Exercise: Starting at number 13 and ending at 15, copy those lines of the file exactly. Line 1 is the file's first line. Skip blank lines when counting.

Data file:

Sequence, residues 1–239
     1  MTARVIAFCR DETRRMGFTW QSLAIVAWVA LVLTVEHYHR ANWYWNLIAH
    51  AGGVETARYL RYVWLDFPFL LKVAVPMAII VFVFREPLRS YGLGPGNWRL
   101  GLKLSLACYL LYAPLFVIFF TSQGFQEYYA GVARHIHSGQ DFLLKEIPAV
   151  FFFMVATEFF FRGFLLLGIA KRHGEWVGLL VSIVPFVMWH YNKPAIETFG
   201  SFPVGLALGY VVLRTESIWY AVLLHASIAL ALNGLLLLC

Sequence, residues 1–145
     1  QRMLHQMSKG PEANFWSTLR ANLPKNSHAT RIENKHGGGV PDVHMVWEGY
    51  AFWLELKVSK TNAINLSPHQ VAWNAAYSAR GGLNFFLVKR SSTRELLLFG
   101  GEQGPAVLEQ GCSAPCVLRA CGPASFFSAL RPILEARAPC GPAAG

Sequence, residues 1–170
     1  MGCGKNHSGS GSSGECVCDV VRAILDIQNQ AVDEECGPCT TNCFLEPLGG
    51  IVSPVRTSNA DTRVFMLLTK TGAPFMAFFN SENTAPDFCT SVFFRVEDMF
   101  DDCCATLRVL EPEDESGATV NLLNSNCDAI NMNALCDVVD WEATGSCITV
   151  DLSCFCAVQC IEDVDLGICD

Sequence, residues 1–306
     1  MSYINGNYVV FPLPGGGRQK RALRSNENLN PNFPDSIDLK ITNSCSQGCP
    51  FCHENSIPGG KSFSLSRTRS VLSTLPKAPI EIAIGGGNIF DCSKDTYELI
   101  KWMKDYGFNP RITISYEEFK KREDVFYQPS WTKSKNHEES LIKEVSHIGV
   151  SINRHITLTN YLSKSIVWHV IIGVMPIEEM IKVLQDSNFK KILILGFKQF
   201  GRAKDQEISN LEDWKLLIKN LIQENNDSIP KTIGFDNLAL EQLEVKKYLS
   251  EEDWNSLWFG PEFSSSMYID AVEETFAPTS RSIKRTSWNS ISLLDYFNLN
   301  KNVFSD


    51  IVSPVRTSNA DTRVFMLLTK TGAPFMAFFN SENTAPDFCT SVFFRVEDMF
   101  DDCCATLRVL EPEDESGATV NLLNSNCDAI NMNALCDVVD WEATGSCITV
   151  DLSCFCAVQC IEDVDLGICD